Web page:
Martin George A third of governors tell Tes-NGA survey their schools have already cut teacher numbers The extent of cuts to teachers, support staff and building upkeep has been laid bare by a survey of more than 5,300 governors. The findings show that an overwhelming number of governors 72 per cent do not believe that funding pressures can be managed without any adverse impact on the quality of education provided. The survey, carried out jointly by Tes and the National Governance Association (NGA), was conducted before education secretary Justine Greening announced an extra 1.
Sep 22, 2017 4:31AM - Tes (tes.com)
Charlotte Santry SEND pupils in dozens of local authority areas stand to lose out from the government's funding shake-up, analysis indicates Pupils with special educational needs and disabilities (SEND) face "real problems"as a result of the government's funding plans, a school finance expert is warning. Under the Department for Education'slatestproposals, local authorities will berestricted in the amount of moneythey can transfer from the main schools budget to prop upfunding for pupils with"high needs". High-needs funding is aimed at SEND pupils,and is under increasingpressure as budgets have beensqueezed, the number of conditionsbeing diagnosed has increased, and more children surviveserious health conditions that causedevelopmental delays.
Sep 22, 2017 3:21AM - Tes (tes.com)
Helen Ward Calling children average risks their abilities being overlooked, and can lead to underperformance in GCSEs, says study Too many children are routinely identified as average, meaning their abilities and problems can be overlooked, a new study shows. Researchers looking at the 50 per centof children who are in the middle of the broad ability range found that most had a bias towards either verbal, numerical or spatial skills, meaning that only one in five (20 per cent) of children could be considered truly average. And the analysis of more than 24,000 children, published by assessment expertsGL Assessment, says that these biases could be behind the significant differences in theGCSE outcomes of average children.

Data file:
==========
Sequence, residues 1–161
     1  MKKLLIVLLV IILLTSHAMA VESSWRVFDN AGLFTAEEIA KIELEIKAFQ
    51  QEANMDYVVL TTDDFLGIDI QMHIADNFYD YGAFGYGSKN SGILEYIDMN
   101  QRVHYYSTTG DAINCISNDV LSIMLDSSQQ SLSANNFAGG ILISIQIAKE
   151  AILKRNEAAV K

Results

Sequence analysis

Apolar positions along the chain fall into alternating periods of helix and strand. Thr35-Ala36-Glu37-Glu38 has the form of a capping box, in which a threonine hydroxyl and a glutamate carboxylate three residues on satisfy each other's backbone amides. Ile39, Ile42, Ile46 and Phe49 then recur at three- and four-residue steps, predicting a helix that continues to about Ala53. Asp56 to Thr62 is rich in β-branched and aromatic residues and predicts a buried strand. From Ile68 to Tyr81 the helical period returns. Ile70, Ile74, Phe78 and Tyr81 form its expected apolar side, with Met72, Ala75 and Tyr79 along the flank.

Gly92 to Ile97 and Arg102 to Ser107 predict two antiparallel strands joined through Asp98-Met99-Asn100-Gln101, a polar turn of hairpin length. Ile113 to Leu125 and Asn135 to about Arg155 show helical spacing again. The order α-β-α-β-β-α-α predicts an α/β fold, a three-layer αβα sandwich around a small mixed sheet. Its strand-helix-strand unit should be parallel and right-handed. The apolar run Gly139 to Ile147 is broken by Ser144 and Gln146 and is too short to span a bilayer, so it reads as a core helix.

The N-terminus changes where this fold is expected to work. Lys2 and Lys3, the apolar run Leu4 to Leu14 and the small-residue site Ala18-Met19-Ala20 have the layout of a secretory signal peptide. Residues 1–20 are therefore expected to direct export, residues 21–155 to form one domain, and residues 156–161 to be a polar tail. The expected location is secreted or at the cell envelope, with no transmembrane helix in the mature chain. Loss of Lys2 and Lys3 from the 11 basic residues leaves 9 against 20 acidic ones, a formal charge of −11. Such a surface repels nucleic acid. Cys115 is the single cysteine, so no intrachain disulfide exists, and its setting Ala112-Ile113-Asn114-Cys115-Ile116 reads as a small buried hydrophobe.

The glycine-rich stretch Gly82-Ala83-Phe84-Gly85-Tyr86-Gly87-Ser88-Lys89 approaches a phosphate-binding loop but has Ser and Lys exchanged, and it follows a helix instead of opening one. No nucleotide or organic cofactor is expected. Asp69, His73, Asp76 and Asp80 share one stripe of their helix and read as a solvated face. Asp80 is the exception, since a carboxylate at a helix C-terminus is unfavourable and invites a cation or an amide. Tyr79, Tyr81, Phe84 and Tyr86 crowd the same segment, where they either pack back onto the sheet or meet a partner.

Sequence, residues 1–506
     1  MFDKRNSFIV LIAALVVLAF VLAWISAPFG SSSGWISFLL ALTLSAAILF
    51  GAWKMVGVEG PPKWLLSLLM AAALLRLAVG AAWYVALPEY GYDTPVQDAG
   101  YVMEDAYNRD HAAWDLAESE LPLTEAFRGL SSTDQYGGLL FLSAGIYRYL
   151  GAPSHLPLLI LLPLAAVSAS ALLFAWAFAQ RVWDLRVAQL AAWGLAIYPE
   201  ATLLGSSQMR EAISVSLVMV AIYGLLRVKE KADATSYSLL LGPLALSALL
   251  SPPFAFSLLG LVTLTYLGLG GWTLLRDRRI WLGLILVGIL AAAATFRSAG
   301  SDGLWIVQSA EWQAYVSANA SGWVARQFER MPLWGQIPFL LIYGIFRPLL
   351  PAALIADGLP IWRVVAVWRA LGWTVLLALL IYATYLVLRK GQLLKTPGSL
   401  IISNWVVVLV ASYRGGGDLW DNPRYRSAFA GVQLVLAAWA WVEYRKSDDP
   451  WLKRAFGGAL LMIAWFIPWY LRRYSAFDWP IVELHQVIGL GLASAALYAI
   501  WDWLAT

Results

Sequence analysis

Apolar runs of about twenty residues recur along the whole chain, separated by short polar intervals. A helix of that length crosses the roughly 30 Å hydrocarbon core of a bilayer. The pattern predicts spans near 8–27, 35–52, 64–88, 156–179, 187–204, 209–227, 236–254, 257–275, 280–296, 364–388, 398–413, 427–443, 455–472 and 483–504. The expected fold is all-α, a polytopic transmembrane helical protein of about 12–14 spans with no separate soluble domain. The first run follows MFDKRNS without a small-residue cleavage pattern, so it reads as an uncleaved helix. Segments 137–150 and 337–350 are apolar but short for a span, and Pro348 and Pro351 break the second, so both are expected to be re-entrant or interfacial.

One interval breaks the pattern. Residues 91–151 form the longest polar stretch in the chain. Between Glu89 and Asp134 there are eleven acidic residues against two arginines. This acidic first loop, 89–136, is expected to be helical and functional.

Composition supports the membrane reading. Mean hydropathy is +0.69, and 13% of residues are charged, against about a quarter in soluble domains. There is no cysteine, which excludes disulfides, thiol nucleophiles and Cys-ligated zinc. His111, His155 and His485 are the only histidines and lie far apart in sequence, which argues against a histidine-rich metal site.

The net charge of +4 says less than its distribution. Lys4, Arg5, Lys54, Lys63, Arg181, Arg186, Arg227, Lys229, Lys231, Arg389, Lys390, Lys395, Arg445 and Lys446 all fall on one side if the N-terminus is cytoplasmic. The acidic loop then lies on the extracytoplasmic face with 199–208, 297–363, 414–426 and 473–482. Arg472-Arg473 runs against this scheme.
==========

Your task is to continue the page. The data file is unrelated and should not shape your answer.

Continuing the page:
Sep 22, 2017 2:51AM - Tes (tes.com)
Martin George Researchers say the gap between poor pupils and their peers in science is as great as in English and maths Improving the literacy skills of poorer pupils is a way of improvingtheir results in science, researchers have found. A review of leading international research, published todayby the Education Endowment Foundation and the Royal Society,also says it is important forpupilstocarryout scientificexperiments and trials. The report, Review of Socio-Economic Status and Science Learning in Formal Educational Settings, showsthe gap between disadvantaged pupils and their better-off peers is as wide in science as in English and maths.
Sep 21, 2017 11:41PM - Tes (tes.com)
A white Cornell University student charged with assaulting and yelling racial insults at a black undergraduate last week apologized on Wednesday for the language he had used but denied physically attacking anyone. The statement by John Greenwood, a 19-year-old junior, came as hundreds of students, angered by the altercation, were presenting Cornells president, Martha E. Pollack, with a list of demands for improving the racial climate at the Ivy League campus.
Sep 21, 2017 6:09PM - The Chronicle of Higher Education (chronicle.com)